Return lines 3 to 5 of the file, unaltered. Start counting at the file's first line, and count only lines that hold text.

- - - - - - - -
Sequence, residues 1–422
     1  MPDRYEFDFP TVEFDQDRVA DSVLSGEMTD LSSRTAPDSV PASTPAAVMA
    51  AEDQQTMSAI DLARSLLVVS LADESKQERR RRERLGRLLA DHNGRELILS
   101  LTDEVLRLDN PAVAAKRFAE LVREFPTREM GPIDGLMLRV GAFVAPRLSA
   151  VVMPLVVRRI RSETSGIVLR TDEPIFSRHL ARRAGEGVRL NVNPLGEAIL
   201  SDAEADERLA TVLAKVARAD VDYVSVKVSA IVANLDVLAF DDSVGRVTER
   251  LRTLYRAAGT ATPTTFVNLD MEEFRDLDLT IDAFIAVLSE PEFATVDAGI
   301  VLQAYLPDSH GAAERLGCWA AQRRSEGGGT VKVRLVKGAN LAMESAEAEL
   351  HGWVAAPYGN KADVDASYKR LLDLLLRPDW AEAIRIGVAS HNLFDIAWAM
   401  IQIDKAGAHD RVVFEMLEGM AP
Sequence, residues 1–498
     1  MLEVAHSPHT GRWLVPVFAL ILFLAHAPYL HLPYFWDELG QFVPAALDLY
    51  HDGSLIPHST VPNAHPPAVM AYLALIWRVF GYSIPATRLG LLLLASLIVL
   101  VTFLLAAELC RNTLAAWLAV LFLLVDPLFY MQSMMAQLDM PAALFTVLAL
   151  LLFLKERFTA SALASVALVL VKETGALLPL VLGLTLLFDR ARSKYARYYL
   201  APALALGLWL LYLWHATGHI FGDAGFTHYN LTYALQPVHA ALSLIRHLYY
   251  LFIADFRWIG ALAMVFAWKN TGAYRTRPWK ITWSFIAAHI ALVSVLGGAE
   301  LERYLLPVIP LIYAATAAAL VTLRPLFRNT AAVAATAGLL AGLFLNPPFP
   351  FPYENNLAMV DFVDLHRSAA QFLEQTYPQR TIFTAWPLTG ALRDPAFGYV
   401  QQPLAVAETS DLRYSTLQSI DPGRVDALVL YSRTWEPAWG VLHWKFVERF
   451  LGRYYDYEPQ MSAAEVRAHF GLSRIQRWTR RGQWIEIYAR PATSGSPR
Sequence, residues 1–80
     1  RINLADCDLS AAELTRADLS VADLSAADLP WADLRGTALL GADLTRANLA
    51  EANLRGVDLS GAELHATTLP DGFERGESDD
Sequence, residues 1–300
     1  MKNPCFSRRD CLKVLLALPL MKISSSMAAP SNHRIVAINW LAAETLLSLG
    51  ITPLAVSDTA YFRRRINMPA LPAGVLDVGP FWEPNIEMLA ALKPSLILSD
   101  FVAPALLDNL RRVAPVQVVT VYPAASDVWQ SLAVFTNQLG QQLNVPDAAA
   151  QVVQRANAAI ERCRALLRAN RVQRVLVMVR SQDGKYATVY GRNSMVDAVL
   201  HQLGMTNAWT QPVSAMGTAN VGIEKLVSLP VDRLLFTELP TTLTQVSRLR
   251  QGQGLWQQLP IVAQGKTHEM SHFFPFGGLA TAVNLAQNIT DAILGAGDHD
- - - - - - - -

    51  AEDQQTMSAI DLARSLLVVS LADESKQERR RRERLGRLLA DHNGRELILS
   101  LTDEVLRLDN PAVAAKRFAE LVREFPTREM GPIDGLMLRV GAFVAPRLSA
   151  VVMPLVVRRI RSETSGIVLR TDEPIFSRHL ARRAGEGVRL NVNPLGEAIL